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Oct
2016
Friday 14th
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Invoking Article 50 without Commons vote illegal lawsuit claims


PRIME MINISTER Theresa May was yesterday accused in the High Court of attempting to kick-start Brexit proceedings without having prior authorisation of Parliament.

Remain campaigners have lodged a judicial review against plans to invoke Article 50 with the claim that she would be unlawfully using ancient executive powers under the royal prerogative.

Lord Pannick QC argued Ms May must get permission from Parliament before triggering the Brexit process by the end of next March because it’s “entirely a matter for Parliament.”

He was acting for Gina Miller, an investment banker and charity founder from London.

Ms Miller is the lead claimant with several others, including the so-called “People’s Challenge” — which is seeking to overturn Ms May’s decision at the Royal Courts of Justice.

The outcome of the three-day case is expected to be announced on Monday. Any appeal against the decision would be heard by the Supreme Court before the end of the year.

Ms Miller accepted that her challenge could only succeed “if we can satisfy the court that the defendant has no power to notify under royal prerogative powers.”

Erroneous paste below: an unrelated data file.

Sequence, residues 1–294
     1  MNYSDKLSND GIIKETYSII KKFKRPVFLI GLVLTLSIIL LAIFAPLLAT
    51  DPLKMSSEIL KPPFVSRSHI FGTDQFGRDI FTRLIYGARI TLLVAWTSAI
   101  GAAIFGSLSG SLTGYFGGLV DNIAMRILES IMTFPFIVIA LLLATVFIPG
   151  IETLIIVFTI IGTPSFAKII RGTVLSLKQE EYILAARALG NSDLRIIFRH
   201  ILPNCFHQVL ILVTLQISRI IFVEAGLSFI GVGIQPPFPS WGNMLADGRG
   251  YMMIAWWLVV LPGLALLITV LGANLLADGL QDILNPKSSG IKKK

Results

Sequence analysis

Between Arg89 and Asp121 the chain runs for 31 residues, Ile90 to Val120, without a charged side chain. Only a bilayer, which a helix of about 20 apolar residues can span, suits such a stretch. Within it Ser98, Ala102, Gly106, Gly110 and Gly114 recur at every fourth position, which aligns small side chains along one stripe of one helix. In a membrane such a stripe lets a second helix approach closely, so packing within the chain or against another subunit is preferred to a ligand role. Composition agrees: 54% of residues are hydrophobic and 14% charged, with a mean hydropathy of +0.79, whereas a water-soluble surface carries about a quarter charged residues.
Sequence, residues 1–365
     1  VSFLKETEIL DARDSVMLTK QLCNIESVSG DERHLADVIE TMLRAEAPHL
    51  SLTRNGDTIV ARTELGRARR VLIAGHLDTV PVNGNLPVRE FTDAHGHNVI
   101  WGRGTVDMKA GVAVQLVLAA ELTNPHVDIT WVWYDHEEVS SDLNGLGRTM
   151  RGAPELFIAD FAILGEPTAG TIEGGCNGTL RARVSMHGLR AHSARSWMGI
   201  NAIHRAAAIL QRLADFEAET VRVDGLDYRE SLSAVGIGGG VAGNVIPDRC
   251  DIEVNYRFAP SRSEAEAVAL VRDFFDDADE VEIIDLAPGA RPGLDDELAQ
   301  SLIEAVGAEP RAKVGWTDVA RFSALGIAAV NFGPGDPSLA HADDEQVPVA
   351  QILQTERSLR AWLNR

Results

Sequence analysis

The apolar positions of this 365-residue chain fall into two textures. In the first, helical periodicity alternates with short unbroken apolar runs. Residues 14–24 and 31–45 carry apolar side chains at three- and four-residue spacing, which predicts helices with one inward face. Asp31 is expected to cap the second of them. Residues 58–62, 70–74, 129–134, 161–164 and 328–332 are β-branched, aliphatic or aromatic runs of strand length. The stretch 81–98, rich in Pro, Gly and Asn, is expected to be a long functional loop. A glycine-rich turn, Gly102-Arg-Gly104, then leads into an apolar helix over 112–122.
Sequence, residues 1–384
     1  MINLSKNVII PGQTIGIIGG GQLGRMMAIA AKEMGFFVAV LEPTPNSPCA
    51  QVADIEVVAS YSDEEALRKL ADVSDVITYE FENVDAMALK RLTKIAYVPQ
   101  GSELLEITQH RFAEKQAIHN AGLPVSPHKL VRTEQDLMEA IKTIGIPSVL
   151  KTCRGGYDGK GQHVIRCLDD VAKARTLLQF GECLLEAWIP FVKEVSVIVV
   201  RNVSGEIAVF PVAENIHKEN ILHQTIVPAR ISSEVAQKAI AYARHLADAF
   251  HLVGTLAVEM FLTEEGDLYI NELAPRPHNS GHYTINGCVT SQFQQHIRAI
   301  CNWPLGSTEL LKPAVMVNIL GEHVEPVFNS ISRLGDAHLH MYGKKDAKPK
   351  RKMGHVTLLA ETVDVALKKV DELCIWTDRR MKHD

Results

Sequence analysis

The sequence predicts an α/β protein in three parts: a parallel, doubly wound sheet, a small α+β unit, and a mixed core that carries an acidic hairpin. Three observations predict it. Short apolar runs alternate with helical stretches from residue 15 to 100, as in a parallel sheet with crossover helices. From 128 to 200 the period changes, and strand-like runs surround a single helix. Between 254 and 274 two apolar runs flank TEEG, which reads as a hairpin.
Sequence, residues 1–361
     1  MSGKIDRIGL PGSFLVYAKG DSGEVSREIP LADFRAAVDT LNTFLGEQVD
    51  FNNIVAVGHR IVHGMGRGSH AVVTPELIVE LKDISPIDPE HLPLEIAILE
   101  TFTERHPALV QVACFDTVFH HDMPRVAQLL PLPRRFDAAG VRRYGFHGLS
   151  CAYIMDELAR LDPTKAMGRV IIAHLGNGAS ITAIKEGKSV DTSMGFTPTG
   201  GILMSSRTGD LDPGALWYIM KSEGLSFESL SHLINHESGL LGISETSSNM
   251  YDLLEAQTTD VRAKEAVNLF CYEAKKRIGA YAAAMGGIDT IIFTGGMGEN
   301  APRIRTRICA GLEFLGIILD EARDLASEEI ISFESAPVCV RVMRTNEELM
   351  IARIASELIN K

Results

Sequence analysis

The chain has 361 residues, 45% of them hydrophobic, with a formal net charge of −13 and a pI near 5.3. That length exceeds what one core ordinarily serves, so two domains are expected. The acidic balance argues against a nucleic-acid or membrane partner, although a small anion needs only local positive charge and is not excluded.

She also said: “This case is all about the sovereignty of Parliament. It is very important that the [Article 50] issues are dealt with in a serious and grown-up way.”

Lord Pannick claimed that the Tory PM could not use royal prerogative powers to remove rights established by the European Communities Act 1972, which made EU law part of British law.

He added that it was for Parliament to decide whether or not to maintain those rights.

The government has stood firm in its decision to enact the Great Repeal Bill, which would absorb EU legislation into British law so ministers can later scrap elements they do not want to keep.

Attorney general Jeremy Wright said: “The country voted to leave the EU in a referendum approved by Act of Parliament.

“There must be no attempts to remain in the EU, no attempts to rejoin it through the back door and no second referendum.”

Tory former minister Dominic Raab said the challenge was fuelled by a “special kind of arrogance.”

He told BBC Radio 4: “I don’t think it’s right that a




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